Contacts: The Device Switch app lets you easily transfer your contacts, as well as other data such as photos, from an iPhone or Android device to your new BlackBerry phone. Just download the app on your BlackBerry, connect both devices to the same Wi-Fi network, and complete the on-screen instructions. 

3. Switch services

BlackBerry's online services aren't as integrated as Apple's iCloud or Google's suite of Web services, but they do provide the functionality you need to stay productive.

Email: BlackBerry Hub is a notification center on every BlackBerry phone, which lets you view and respond to all your emails and messages in one spot.

Cloud storage: Unlike Google, Apple or Microsoft, BlackBerry doesn't have its own cloud storage service. Still, Dropbox and Box are great third-party apps that let you back up and sync your files and documents to the cloud.

Documents: BlackBerry phones ship with Docs 2 Go, a full-featured mobile office suit that lets you create documents, spreadsheets and presentations right on your phone. And it syncs with Dropbox and Box, so you can save your files to the cloud and access them everywhere.

Calendar: BlackBerry's native calendar app has everything you need to plan your schedule and plan appointments. Plus, you can install the BlackBerry Blend app on any PC or Mac computer to manage your calendar at your desk.

4. Find the right apps

BlackBerry doesn't have as many apps as competing platforms, but it does offer a pretty good lineup to help you stay on top of your email inbox, balance your books and even meet remotely. Here are some of the best apps for the platform.

Messaging: BlackBerry Messenger is a supersecure messaging app that connects you to co-workers and employees using a unique personal identification number (PIN), which keeps the service private and gives you more control over who contacts you. And all messages are encrypted during transmission, to keep work conversations secure.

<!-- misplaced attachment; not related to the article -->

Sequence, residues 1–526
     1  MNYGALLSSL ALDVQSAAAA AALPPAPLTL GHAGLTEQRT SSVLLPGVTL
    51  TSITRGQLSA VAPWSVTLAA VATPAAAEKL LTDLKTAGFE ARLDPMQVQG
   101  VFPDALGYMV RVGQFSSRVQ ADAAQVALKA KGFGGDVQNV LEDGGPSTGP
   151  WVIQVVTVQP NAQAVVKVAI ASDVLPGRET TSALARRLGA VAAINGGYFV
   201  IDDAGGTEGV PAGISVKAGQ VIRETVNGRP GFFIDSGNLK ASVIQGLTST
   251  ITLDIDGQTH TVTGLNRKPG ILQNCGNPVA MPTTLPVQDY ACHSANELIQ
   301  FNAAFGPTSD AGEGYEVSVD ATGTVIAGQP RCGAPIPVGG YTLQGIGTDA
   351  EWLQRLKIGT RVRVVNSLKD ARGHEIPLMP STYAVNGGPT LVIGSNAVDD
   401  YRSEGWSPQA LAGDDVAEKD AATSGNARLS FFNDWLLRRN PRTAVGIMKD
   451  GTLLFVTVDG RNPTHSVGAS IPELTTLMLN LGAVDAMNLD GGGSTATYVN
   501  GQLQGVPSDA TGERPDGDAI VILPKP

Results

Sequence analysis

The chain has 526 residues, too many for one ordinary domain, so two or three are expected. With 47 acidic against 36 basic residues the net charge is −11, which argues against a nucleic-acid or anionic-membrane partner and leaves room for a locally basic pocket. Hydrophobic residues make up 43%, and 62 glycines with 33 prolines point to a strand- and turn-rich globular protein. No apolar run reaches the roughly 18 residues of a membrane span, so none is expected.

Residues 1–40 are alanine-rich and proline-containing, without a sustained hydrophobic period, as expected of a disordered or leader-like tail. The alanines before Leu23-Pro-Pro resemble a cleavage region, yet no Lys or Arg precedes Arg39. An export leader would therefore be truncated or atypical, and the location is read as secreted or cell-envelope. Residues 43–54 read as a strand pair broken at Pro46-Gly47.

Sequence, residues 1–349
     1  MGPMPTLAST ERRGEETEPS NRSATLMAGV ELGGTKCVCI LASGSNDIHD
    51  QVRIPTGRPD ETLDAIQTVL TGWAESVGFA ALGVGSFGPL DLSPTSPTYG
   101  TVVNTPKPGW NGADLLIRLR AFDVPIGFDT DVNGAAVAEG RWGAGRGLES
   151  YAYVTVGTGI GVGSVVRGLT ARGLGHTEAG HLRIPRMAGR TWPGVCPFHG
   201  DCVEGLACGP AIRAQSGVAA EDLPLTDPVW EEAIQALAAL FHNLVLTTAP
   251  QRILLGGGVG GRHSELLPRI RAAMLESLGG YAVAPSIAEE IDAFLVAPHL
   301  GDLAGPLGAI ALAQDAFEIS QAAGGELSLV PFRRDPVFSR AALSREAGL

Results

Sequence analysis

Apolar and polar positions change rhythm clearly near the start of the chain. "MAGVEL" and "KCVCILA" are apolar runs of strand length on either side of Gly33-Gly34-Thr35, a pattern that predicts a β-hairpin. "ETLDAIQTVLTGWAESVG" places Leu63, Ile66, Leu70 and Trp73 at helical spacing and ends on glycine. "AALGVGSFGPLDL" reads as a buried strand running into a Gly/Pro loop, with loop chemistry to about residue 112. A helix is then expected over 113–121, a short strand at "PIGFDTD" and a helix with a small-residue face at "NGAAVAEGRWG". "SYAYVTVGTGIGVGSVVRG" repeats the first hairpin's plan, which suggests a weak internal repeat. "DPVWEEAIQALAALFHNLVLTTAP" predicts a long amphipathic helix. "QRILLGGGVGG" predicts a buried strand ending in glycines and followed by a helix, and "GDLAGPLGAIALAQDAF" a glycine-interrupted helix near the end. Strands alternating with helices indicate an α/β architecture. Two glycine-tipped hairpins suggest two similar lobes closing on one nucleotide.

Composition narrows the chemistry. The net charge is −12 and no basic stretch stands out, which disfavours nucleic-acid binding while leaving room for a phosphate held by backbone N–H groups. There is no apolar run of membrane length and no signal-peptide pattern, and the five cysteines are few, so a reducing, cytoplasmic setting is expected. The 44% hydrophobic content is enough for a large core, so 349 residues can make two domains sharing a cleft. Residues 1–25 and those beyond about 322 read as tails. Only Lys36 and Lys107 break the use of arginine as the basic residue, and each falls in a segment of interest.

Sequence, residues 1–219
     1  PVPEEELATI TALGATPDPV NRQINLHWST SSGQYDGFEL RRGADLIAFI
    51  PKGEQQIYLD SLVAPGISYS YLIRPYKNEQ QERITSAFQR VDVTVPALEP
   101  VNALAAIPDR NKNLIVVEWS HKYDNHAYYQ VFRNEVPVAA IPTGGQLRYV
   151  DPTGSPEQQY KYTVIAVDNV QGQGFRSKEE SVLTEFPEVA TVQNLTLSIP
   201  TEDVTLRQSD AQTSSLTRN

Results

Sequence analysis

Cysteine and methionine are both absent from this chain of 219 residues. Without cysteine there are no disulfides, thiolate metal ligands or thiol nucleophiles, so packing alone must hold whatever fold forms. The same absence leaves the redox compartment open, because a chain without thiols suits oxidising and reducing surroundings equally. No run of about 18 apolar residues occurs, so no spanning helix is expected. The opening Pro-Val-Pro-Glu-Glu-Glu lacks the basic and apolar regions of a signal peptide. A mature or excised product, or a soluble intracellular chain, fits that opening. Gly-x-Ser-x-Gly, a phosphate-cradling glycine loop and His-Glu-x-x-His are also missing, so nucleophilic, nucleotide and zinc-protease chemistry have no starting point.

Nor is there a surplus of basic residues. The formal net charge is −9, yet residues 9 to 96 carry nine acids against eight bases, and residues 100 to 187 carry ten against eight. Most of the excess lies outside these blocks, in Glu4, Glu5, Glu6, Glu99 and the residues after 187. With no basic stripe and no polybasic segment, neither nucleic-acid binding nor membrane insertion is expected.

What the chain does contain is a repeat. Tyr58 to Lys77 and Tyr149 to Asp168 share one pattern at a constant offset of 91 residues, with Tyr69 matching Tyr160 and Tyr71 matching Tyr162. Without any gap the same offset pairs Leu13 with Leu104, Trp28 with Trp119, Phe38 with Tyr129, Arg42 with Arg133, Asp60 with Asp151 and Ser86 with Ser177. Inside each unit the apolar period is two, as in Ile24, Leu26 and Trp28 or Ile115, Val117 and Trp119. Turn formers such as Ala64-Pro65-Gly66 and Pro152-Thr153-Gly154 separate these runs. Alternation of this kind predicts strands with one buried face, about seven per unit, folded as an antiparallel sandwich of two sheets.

Expense tracking: Expense Manager is a solid app for BlackBerry users who want an easy way to track daily expenditures. The app lets you enter in new expenses with a few taps, then categorize them by week, month, year or category. You can even save and index receipts by snapping a photo with your phone's camera.

Note taking: Evernote is one of the best note-taking apps you'll find on any mobile platform. It lets you dictate or manually enter notes, snap photos, create lists and more. And it uses text identification software to recognize and index printed or handwritten text, so you can find specific notes later using keywords.

Remote desktop: Splashtop Remote Desktop HD is a remote desktop app that lets you view the desktop of your work computer remotely, right on your BlackBerry device. Once the app is set up, you can remotely access files and documents, and even run desktop apps such as Microsoft Office and Outlook on your smartphone.

Video conferencing: Skype, the service that's synonymous with video chat, is a good option for meeting remotely with employees or clients.

Originally published on Business News Daily.
Brett Nuckles

A former Ohio newspaper man, Brett Nuckles fled the Midwest in 2013. He now lives in Seattle, where he spends his days tinkering with smartphones, tablets and computers. He loves to think about the intersection of technology and productivity, and how to get the most out of new gadgets and apps. He's also a big fan of vegetarian food and digital painting. In his off hours he spends most of his time drawing and painting sci-fi/fantasy scenes on his PC with his trusty Wacom stylus in hand.